The spiral garden pictured here is actually one swale and berm curled up on itself. Some of the inspiration has come via Gaia’s Garden and similar designs at Bayer Farm. The swale has a polytubing micro sprinkler setup buried underneath the wood chips. The berm was broad forked and raked, seeded to cover crop, and dusted with compost to bury the seeds.
- There are three states of being. Not knowing, action and completion.
- Accept that everything is a draft. It helps to get it done.
- There is no editing stage.
- Pretending you know what you’re doing is almost the same as knowing what you are doing, so just accept that you know what you’re doing even if you don’t and do it.
- Banish procrastination. If you wait more than a week to get an idea done, abandon it.
- The point of being done is not to finish but to get other things done.
- Once you’re done you can throw it away.
- Laugh at perfection. It’s boring and keeps you from being done.
- People without dirty hands are wrong. Doing something makes you right.
- Failure counts as done. So do mistakes.
- Destruction is a variant of done.
- If you have an idea and publish it on the internet, that counts as a ghost of done.
- Done is the engine of more.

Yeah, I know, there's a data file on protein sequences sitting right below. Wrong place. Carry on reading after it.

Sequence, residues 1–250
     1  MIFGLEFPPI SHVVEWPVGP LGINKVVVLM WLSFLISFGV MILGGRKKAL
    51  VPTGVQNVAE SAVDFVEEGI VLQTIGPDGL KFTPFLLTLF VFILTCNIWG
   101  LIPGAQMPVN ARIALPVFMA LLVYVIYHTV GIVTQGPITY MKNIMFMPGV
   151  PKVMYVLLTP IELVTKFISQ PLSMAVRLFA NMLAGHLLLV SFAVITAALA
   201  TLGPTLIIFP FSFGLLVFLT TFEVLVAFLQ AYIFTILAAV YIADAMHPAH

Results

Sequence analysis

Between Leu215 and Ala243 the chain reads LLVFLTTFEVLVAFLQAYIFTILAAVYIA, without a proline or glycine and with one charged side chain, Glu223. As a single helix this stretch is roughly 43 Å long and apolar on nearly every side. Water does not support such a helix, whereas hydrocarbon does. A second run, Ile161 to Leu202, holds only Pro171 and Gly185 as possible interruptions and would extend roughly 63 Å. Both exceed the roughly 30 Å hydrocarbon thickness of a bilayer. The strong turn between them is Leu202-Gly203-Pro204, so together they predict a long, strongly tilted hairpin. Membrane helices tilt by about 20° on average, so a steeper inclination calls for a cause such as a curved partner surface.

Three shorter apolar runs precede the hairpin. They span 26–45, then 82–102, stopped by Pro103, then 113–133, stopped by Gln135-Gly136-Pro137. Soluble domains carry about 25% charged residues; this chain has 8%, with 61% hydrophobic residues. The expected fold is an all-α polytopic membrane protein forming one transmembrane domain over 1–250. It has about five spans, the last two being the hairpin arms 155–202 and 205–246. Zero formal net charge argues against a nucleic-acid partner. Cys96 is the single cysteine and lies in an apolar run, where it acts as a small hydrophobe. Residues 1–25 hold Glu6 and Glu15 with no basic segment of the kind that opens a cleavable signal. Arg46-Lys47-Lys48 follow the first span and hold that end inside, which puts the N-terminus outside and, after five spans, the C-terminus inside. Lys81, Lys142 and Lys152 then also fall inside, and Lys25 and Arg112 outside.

|Micro-greens currently in production: Sunflowers, Peas, Turnips, Beets, Collards, Cilantro, Kale|
|Micro-sprinkler riser poking through flat of just seeded micro-greens.|
To dig in the mellow soil-to dig moderately, for all pleasure should be taken sparingly-is a great thing. One gets strength out of the ground as often as one really touches it with a hoe. Antaeus (this is a classical article) was no doubt an agriculturist; and such a prize-fighter as Hercules couldn’t do any thing with him till he got him to lay down his spade, and quit the soil. It is not simply beets and potatoes and corn and string-beans that one raises in his well-hoed garden: it is the average of human life. There is life in the ground; it goes into the seeds; and it also, when it is stirred up, goes into the man who stirs it. The hot sun on his back as he bends to his shovel and hoe, or contemplatively rakes the warm and fragrant loam, is better than much medicine.
My Summer in a Garden, Charles Dudley Warner
|Blister forming on blister from a day with the broadfork|